I came by a bag of Cheznuts chestnut flour recently (it’s available online) and have been very glad to use it. I made some great fettuccine last week, and have been plotting these pancakes for a while. My first batch were not the greatest success. The trick appears to be in the cooking, and you need to let the batter rest for a few hours. I served these for a birthday brunch with truffled chocolate ganache and very good quality vanilla bean ice cream. It was great, but you should feel free to serve them as you wish. I’m sure they’d be great with honey or maple syrup. I recently saw a recipe for gingerbread spiced butter, I can’t for the life of me think where, but I do think a spiced whipped butter would be awesome on these. Read through the recipe before you start cooking so you have a clear understanding of how you need to cook them, it’s not quite like standard pancakes.
|1 1/2||cups||chestnut flour|
|1||free range egg|
|2||teaspoons||raw caster sugar**|
*Check this measurement against the directions on your packet of baking powder to convert plain flour to self raising flour. The instructions may vary between brands. This was the quantity recommended by my brand for 1 ½ cups of flour.
**Substitute ordinary caster sugar.
Place the flour and baking powder in a mixing bowl and make a well in the centre. Crack the egg in the well and pour in a little milk. Whisk the egg and milk till beaten. Gradually incorporate flour into the well, adding more milk as you go along. Unlike wheat flour batter this is unlikely to go lumpy, so it should be a pleasant experience and not to tricky. Mix in the melted butter and sugar. Cover the batter with a clean tea towel and leave to rest for a couple of hours, this is not optional.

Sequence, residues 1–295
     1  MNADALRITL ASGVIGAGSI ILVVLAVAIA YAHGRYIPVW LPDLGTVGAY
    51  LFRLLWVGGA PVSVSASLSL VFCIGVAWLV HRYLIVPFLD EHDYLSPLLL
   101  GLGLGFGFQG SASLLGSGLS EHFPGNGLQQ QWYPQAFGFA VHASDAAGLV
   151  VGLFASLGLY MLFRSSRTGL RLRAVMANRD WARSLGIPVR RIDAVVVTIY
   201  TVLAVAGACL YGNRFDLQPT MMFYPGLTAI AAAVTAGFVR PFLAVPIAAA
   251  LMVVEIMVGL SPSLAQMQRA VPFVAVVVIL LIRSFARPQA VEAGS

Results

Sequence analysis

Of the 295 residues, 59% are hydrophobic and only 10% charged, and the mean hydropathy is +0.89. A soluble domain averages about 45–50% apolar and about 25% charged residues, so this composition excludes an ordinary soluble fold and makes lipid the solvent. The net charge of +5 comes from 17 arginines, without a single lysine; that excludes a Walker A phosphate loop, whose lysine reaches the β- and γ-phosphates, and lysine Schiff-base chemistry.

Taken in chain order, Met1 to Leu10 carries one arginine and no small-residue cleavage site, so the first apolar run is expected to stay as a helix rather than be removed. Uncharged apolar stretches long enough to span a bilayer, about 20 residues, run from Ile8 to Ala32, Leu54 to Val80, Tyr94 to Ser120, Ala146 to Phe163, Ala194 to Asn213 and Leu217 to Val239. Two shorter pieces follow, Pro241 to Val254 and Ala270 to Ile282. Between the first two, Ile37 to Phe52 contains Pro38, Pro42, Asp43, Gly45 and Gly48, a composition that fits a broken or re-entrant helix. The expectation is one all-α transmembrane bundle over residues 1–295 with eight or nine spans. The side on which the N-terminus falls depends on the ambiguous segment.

When you’re ready to cook the pancakes, melt a nob of butter in a non stick frying pan over a low heat. Pour approximately 1/3 cup of batter into the pan (I could cook three in the pan at a time). Cook the pancake slowly, till the top is totally dry and the pancake feels quite set. There will be no bubbles in the pancakes. You can’t play with these while they’re in the pan. Because they have no gluten, they will just kind of flop and/or fall apart. You should be able to just see that they are golden looking at the edges of the pancake. The longer you leave them on this side, the firmer they will be and the easier they will turn.
Use a very flexible spatula to gently lift them from the pan (I used both a silicone spatula and an ordinary plastic egg flip) and flip.
The second side will not take long to colour because it’s already dry and pretty much cooked. By this stage, you’ll also be able to move them around in the pan and check on them. When sufficiently golden on the second side, remove from the pan and rest on paper towel or serve immediately.
Serve pancakes in a stack of three with toppings of your choice.